On that note, this idea that brutality cannot be restrained tends to come out only when the brutalized population is expendable, or when protecting them is not an objective but an excuse for dispensing with them. This is what’s happening here. There’s no reason these soldiers cannot be effectively prevented from hurting women.
Bobsays continued: “The military tries to bring some creature comforts from back home to the war zone. So you have people getting into their bathing suits (and women into skimpy bikinis) and dipping in inflatable pools. In fact, the chicks are usually out on the grass sunbathing when they aren’t working. So the guys have a very clear idea of what they look like — and keep in mind these are women who are in top physical condition.”
Either sexual harassment, assault, and rape are violence bleeding through into everyday relationships, or they’re normal male sexual desire plus half-naked chicks. Either they can be controlled by fewer bikinis, or soldiers are brutalizers. Not both.
A second alternet story discussed sexualized threats towards Iraqi civilian women:
In another AlterNet story — published the same day as Rose Aguilar’s piece — Ruth Rosen from Tomdispatch chronicled the “wave of sexual terrorism” currently perpetuated by US soldiers against Iraqi women.
Her starting point was the alleged rape and murder of a young Iraqi girl, perpetrated in March by a group of five American soldiers. The child’s body was set on fire to cover up the crimes, and her father, mother, and sister were also killed.
It’s part of a much larger problem, as author Rosen reminds us:
Still, the invasion and occupation of Iraq has had the effect of humiliating, endangering, and repressing Iraqi women in ways that have not been widely publicized in the mainstream media: As detainees in prisons run by Americans, they have been sexually abused and raped; as civilians, they have been kidnapped, raped, and then sometimes sold for prostitution; and as women — and, in particular, as among the more liberated women in the Arab world — they have increasingly disappeared from public life, many becoming shut-ins in their own homes.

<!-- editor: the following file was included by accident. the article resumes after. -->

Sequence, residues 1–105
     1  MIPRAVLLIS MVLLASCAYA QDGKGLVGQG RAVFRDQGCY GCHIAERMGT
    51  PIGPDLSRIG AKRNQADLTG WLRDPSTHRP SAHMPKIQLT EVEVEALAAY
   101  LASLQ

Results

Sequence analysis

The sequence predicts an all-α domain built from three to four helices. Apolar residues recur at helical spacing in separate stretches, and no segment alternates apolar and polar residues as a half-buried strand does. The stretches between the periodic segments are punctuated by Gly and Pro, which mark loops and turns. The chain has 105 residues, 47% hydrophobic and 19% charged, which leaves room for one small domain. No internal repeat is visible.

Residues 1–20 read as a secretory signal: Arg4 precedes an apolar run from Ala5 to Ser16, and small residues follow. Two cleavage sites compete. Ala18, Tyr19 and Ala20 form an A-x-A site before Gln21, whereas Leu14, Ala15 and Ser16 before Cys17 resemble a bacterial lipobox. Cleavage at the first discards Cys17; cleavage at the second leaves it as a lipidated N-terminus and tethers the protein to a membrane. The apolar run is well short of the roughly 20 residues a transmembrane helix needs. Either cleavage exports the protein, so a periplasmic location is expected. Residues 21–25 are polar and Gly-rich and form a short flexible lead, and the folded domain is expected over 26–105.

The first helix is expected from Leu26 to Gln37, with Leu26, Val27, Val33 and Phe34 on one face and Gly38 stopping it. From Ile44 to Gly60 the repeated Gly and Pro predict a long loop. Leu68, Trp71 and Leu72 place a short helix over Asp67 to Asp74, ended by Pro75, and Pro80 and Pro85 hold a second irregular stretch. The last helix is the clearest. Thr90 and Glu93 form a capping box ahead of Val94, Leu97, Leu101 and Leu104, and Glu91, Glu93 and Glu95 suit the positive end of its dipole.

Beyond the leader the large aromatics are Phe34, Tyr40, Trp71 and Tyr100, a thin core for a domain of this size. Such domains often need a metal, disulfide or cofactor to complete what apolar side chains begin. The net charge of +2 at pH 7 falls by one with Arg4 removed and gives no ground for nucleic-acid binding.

AlterNet readers had varied reactions to the story. Gazooks commented: “In not acknowledging the history of terror and rape that was systemic in Saddam’s Iraq, this piece diminishes the issue because it simply reads like propaganda. How necessary is it to characterize the American military as an organization of rapists dishonoring the Iraqi people and thereby distort and inflame the issue?”
Most of the other readers responded to the idea that we must always mention other people’s crimes to put our own in context. I’m interested in the way he describes institutional support for sex crimes. As I understand it, Rosen is not arguing that all soldiers are rapists, or that the military are rapists. She’s arguing that American soldiers are not being prevented from raping or brutalizing women. This means that brutalization does occur. This means that the soldiers who don’t rape support the soldiers who do by their presence. It also means that these women must look at soldiers as rapists and potential rapists–not merely because they are threatening, but because these women are absolutely vulnerable. She’s also arguing that the American military has failed to protect Iraqi women from other threats, and that its presence legitimizes a social system that endangers and oppresses them. Responding to that with, “…Is it really necessary to call American soldiers rapists?” obscures and trivializes a real problem by misrepresentting Rosen’s argument as propaganda.